How To Check Your Hard Drives Current File Format
Not sure which file format your external drive is currently using, well let’s find out.
Open a Finder window and (1) right mouse click the name of the external drive you want to check and then (2) left mouse click “Get Info” from the context menu.
In the window that appears, under the General section you’ll see the current Format of your external hard. If it’s formatted to the FAT32 file format, it will say “MS-DOS (FAT32)”.
Formatting For Better Performance and Compatibility with Mac OS
Now if you’re a Mac user, like me, you’ll only want to use your external hard drive or USB flash drive with a Mac operating system then go ahead and follow this tutorial and let’s get that external drive formatted so that it gives you better performance (works faster) and improved compatibility.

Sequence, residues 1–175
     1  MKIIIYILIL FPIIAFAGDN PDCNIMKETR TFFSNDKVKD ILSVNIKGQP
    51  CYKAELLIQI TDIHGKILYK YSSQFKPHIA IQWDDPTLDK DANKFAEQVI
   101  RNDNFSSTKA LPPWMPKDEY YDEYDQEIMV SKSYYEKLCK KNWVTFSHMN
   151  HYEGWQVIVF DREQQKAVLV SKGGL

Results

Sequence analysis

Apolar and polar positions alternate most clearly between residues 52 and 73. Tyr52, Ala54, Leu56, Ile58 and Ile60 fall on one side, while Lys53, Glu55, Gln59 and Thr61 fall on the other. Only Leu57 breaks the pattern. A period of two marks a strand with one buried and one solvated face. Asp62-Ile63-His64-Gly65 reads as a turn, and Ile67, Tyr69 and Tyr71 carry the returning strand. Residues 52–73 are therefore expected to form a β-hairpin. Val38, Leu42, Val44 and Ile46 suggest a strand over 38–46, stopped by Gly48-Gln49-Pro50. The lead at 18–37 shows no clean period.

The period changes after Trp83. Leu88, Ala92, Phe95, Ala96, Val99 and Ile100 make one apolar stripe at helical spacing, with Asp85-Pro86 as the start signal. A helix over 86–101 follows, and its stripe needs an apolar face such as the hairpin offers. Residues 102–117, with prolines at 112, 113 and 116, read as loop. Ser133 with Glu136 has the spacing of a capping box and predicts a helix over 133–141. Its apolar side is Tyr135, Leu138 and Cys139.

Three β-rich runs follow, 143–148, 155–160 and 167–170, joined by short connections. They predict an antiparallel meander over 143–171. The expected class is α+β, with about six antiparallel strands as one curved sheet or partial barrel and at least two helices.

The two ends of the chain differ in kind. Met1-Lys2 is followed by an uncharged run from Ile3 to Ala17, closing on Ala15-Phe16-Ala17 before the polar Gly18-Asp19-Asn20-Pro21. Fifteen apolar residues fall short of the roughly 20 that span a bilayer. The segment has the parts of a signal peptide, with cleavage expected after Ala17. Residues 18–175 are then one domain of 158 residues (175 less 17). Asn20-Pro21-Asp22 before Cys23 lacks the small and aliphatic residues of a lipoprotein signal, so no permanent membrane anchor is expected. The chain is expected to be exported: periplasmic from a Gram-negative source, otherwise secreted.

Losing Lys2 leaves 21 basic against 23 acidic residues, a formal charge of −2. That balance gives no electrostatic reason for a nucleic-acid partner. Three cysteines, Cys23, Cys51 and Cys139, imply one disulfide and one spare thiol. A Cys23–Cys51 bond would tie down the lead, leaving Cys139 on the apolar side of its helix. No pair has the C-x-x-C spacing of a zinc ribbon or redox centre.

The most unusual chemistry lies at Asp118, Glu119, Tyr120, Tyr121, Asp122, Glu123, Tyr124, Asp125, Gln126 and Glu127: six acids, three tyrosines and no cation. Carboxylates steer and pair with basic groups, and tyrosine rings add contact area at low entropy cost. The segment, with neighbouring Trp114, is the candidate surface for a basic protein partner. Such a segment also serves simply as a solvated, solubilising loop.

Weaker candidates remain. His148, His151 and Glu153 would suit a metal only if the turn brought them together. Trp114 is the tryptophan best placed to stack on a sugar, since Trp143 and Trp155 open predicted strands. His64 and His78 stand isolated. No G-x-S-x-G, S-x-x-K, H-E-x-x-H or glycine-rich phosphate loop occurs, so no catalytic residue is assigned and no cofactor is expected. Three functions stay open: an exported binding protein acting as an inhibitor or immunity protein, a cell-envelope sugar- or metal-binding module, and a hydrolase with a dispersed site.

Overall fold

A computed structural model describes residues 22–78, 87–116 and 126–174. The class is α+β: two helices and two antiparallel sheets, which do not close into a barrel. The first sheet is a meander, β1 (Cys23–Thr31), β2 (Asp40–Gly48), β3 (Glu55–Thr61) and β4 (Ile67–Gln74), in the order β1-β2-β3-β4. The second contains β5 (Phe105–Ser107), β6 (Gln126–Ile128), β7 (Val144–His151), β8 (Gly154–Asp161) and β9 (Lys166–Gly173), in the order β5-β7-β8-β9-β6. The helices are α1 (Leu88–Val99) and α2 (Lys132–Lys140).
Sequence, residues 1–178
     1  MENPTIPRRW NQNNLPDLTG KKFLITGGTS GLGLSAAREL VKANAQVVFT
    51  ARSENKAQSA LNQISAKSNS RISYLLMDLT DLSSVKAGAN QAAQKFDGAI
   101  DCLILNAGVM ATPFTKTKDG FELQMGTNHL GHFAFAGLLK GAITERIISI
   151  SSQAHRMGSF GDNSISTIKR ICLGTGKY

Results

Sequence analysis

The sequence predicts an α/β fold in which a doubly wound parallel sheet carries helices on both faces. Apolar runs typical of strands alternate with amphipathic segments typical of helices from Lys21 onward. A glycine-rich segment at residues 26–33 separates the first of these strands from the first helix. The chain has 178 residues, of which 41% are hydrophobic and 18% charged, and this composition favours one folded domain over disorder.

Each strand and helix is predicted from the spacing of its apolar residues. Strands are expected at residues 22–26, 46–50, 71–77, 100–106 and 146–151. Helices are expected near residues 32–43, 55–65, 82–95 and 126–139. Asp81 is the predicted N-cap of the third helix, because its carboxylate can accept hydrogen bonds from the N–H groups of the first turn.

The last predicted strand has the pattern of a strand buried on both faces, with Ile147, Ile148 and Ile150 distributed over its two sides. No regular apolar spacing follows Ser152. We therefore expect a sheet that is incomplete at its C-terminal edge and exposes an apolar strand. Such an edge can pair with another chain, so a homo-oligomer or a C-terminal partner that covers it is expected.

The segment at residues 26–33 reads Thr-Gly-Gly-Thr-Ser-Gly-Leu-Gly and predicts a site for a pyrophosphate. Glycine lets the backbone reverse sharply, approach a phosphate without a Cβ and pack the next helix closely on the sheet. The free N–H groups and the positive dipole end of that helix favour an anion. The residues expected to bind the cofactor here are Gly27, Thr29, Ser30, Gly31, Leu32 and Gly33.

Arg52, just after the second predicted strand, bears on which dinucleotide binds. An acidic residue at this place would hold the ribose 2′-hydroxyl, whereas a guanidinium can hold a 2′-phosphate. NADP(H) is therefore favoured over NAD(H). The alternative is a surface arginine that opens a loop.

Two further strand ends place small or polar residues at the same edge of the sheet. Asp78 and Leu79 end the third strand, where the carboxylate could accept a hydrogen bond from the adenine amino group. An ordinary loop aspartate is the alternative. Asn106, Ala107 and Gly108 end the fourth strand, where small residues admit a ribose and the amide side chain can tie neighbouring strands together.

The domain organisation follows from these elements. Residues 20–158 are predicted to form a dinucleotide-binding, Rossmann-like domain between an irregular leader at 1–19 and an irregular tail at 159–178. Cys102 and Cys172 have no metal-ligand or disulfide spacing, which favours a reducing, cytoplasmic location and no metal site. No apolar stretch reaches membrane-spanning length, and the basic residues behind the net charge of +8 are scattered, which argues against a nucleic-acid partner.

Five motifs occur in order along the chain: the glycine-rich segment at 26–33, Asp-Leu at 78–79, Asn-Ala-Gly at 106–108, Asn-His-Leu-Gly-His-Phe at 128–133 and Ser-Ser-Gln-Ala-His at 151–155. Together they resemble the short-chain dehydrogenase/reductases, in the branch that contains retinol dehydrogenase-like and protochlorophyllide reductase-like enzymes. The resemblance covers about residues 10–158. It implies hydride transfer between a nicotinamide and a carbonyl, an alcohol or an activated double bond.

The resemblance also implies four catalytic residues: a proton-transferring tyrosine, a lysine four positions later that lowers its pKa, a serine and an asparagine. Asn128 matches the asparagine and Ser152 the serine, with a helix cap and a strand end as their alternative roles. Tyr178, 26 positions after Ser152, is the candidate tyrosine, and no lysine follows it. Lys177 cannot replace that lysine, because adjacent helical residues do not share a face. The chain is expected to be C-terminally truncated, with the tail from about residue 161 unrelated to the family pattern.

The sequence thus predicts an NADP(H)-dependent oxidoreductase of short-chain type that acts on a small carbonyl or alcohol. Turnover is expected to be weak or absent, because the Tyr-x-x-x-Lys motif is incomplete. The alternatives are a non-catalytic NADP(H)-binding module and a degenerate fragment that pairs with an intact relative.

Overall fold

WARNING: If you have already been using your external drive, please backup your data as formatting a hard drive will erase everything (all data and disk partitions).
I suggest making a temporarily copy of all your files to another hard drive such as your Mac computers desktop before formatting it. You can copy the files back to the external drive once it has been correctly formatted.
For this tutorial, I’m formatting a SanDisk Ultra 32 GB USB flash drive that I have purchased recently for under £10 from Amazon. I have already saved some files on it but I didn’t format it to Mac’s preferred filesystem, so I’m going to do that right now.
Ok, let’s do this…
How To Format a New External Hard Drive or USB Flash Drive for Mac OS.
1. Insert the external drive or USB flash drive into a free USB slot on your Mac.
2. Back up any data on the drive. (I copied all the files and folder from my USB flash drive to a newly created folder on my computer’s Desktop called “temp files”.)
3. Launch Disk Utility. You’ll find this in the Applications folder, then Utilities. A quick method, that I like to use, is to open Spotlight (press CMD + SPACE). Start typing Disk Utility and when you see the Disk Utility app, press Enter to open it.